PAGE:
The First Amendment's Free Exercise and Establishment Clauses are undoubtedly the most prominent constitutional provisions governing the relationship among religion, the citizenry, and the state. They are, to be sure, frequently described as “the Religion Clauses.” But they are not the only constitutional provisions that govern this relationship. There is, for example, another and often overlooked clause that expressly deals with religion – the only provision of the unamended Constitution that does so – namely, the Religious Test Clause of Article VI. In addition, the equal protection guarantees of the Fifth and Fourteenth Amendments have been held to protect against discrimination on the basis of one's religious affiliation or conduct. Finally, there is an extensive interrelationship between the First Amendment's religion clauses, especially the Free Exercise Clause, and the best-known provision of that amendment, the Free Speech Clause. This chapter surveys these additional constitutional provisions and specifically how they govern or relate to matters of religion.
The Religious Test Clause
In the last section of the original Constitution's last substantive article, one finds the following provisions:
The Senators and Representatives … and the Members of the several State Legislatures, and all executive and judicial Officers, both of the United States and of the several States, shall be bound by Oath or Affirmation, to support this Constitution; but no religious Test shall ever be required as a Qualification to any Office or public Trust under the United States.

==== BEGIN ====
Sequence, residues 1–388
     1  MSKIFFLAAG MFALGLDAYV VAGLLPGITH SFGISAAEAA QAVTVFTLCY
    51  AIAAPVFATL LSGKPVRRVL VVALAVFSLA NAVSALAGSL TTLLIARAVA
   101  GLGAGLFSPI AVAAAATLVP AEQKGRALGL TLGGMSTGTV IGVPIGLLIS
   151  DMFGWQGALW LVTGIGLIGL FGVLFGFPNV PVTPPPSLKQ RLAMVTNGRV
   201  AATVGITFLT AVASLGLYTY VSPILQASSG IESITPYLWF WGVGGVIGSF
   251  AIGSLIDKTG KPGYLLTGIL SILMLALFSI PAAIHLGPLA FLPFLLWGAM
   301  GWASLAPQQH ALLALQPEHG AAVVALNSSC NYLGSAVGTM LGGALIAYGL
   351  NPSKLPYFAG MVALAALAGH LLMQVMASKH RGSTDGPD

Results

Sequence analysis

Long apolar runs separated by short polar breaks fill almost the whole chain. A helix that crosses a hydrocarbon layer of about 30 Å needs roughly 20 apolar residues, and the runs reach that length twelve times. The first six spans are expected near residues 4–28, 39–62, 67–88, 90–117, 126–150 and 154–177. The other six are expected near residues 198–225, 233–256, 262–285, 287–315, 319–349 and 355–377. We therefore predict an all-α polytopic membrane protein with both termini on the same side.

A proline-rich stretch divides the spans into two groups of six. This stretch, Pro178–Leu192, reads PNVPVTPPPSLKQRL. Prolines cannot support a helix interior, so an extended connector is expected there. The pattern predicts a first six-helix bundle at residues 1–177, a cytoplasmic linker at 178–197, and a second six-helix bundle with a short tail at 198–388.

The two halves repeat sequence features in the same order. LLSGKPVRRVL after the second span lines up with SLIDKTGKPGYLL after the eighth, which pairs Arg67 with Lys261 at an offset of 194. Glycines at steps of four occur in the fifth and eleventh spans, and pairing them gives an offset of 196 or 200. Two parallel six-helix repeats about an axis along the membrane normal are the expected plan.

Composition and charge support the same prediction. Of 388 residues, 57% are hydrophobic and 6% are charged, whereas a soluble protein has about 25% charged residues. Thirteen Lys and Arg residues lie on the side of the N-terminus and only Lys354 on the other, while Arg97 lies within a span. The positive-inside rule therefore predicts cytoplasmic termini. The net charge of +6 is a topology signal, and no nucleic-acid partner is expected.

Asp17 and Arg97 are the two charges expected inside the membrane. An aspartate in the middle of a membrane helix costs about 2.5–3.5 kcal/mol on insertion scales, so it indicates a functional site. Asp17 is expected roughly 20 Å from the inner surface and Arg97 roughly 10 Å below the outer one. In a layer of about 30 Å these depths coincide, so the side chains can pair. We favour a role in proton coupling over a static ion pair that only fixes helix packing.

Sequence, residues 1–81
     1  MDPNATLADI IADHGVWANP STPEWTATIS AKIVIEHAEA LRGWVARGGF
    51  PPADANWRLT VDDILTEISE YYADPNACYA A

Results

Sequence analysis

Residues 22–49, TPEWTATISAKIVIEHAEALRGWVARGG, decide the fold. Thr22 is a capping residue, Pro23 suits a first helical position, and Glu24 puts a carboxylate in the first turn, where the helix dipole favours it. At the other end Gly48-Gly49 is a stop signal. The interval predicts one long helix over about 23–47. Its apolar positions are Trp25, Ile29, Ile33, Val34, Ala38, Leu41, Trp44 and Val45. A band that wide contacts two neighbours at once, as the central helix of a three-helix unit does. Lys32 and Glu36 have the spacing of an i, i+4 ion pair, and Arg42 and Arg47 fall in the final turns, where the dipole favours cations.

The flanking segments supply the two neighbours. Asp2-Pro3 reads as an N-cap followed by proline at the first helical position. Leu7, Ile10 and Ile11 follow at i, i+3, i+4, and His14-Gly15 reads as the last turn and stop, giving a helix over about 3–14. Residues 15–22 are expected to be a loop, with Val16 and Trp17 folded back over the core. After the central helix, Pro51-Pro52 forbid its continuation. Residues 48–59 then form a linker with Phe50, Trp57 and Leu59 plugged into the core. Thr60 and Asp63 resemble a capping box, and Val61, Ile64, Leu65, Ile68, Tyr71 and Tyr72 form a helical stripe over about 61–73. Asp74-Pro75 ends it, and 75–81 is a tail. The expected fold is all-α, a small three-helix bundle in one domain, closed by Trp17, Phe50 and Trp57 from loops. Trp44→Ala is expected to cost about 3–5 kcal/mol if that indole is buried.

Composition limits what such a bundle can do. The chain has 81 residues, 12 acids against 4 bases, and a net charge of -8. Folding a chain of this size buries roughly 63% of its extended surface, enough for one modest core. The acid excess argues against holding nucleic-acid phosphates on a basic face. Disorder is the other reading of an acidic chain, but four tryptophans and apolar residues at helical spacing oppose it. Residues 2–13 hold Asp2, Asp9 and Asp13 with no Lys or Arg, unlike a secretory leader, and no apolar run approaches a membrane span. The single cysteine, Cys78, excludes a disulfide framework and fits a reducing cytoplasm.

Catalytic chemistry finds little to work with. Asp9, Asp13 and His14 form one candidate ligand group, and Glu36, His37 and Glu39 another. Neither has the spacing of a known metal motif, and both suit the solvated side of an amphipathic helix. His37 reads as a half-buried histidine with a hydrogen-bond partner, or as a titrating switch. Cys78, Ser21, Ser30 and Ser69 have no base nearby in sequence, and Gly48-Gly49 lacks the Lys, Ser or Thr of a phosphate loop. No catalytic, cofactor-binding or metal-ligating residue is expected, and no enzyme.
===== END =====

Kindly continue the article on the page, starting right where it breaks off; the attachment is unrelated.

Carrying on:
The latter clause, which clearly modifies the former, is commonly referred to as the “Religious Test Clause” or, among some scholars, the “No Religious Test Clause.”
The Religious Test Clause is perceived by many as an unfamiliar or even irrelevant provision – at best, a distant and curious relative of the First Amendment religion clauses. Perhaps befitting its contemporary obscurity, the Religious Test Clause seems largely to have been uncontroversial when proposed during the drafting of the Constitution. Charles Pinckney of South Carolina submitted an initial draft on August 20, 1787, providing that “[n]o religious test or qualification shall ever be annexed to any oath of office under the authority of the U.S.” After slight modification of the wording, a revised version was then approved on August 30 without significant dissent.